I just completed renovation of two rooms (bedrooms, and office) in my c1905 two family rowhouse in Weehawken, NJ -- just outside of New York city.
I'm working on the top floor, which clearly was not an apartment in the early life of the house. A kitchen was added, although with a fairy un-intuitive layout. It is attached to what was originally a bedroom, however I will be converting the adjoining room to a living room in an attempt to modernize the floor plan. The wall will have to be removed, likely supported by posts and a beam. Note the location of the windows, which I am willing to work to adjust, and the chimney (which I most likely am not). I would like to do much of the work myself, but will sub out plumbing and structural work I am not comfortable with.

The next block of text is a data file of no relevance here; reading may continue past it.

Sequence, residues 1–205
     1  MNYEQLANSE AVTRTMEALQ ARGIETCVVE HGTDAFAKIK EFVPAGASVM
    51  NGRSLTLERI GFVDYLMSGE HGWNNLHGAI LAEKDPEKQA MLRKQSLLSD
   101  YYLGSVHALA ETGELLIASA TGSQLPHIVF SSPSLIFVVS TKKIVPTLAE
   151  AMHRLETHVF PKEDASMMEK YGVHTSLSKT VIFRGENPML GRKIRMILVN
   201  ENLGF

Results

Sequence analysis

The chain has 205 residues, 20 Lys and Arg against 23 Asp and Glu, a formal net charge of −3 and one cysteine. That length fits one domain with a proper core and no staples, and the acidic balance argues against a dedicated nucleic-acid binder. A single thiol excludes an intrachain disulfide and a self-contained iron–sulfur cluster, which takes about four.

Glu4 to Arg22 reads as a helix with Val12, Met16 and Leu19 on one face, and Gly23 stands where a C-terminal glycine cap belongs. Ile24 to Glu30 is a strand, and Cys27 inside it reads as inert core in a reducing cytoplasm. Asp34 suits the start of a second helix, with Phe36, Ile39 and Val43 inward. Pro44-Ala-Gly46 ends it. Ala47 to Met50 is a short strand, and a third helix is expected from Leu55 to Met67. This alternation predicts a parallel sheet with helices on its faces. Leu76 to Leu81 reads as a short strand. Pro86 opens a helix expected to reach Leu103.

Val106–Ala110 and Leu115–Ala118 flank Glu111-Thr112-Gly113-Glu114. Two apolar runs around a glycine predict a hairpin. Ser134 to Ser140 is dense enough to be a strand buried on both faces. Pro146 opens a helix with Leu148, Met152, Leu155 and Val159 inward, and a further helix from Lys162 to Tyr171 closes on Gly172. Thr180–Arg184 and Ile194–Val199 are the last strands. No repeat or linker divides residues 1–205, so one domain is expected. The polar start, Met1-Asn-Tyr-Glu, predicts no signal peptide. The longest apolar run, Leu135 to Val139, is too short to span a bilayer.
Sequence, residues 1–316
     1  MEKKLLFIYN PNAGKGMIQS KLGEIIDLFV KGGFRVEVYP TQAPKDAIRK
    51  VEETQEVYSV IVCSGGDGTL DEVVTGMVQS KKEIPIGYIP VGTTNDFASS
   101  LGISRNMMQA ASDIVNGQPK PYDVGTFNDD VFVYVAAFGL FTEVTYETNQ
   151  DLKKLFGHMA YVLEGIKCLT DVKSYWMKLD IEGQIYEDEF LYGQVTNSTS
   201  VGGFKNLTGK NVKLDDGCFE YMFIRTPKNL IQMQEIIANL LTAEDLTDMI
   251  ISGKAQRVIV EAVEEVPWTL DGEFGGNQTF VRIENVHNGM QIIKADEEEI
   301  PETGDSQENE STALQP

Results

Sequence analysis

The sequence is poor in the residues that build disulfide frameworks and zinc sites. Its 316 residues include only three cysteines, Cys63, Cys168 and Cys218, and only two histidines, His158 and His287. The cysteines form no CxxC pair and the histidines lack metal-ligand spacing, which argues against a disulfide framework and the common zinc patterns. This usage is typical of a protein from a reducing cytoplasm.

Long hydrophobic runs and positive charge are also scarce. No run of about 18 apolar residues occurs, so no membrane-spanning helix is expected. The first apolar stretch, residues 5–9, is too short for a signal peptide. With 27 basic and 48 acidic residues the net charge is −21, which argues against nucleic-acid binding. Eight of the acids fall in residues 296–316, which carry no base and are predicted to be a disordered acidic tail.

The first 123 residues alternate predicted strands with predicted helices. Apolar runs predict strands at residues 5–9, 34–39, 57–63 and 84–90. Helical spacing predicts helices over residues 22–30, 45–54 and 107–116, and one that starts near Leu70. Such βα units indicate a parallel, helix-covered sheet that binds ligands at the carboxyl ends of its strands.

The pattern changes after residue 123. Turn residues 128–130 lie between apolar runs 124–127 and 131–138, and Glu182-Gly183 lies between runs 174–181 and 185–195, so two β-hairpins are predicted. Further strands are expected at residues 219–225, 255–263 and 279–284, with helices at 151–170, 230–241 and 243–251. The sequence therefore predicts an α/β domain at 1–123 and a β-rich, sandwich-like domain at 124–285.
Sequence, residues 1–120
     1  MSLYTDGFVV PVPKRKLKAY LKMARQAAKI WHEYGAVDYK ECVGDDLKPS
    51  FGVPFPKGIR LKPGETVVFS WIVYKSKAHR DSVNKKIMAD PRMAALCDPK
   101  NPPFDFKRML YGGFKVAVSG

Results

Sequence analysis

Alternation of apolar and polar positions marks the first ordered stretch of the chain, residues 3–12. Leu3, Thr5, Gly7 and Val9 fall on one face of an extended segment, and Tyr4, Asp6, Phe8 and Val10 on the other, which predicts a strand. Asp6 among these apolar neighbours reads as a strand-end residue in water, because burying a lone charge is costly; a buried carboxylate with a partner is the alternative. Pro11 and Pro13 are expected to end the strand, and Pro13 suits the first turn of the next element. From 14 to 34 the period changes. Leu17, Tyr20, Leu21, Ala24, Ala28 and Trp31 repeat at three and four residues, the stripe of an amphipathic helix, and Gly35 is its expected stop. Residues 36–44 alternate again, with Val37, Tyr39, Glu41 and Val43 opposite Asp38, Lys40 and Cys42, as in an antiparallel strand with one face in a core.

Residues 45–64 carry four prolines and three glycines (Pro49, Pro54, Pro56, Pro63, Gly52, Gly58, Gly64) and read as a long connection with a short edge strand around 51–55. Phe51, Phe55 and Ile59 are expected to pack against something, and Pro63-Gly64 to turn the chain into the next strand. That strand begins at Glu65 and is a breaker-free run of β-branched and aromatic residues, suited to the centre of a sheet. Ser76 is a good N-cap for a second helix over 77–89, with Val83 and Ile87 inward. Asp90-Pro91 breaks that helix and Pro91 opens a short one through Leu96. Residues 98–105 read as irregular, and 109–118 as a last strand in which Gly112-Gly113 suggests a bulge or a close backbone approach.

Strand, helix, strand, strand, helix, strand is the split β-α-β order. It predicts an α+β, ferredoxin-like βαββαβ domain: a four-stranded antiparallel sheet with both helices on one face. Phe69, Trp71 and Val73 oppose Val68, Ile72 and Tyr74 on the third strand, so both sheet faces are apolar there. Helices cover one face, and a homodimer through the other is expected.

All designs must feature:
- Large\double sink with garbage disposal
- Dishwasher (small is ok)
- Continuous counter with range\oven (I HATE the current location)
- Some small seating area with stools -- no need for a kitchen table. It's just my wife and I, and will can setup a table in another room when we rarely need it.
This option will be a u-shaped counter. Wall will be removed and supported. Some plumbing and gas lines for oven, but they are probably re-routing the existing lines (which I believe come up in chimney).
Similar to option 1, but the counter will have to be negotiated around the chimney. Does allow for some additional space -- but is it worth having to wrangle the chimney?
The most aggressive in terms of running plumbing and gas lines since they are not opposite the existing lines (up through attic above???) and will therefore have the highest cost. Living room space is somewhat smaller but kitchen is really opened up.
So, anyone out there have an opinion on
1) Which is the most functional
2) What about the chimney and how it the counter effects it?
3) What about design 3? Will it be dramatically more expensive to have someone run the lines to the opposite wall somehow?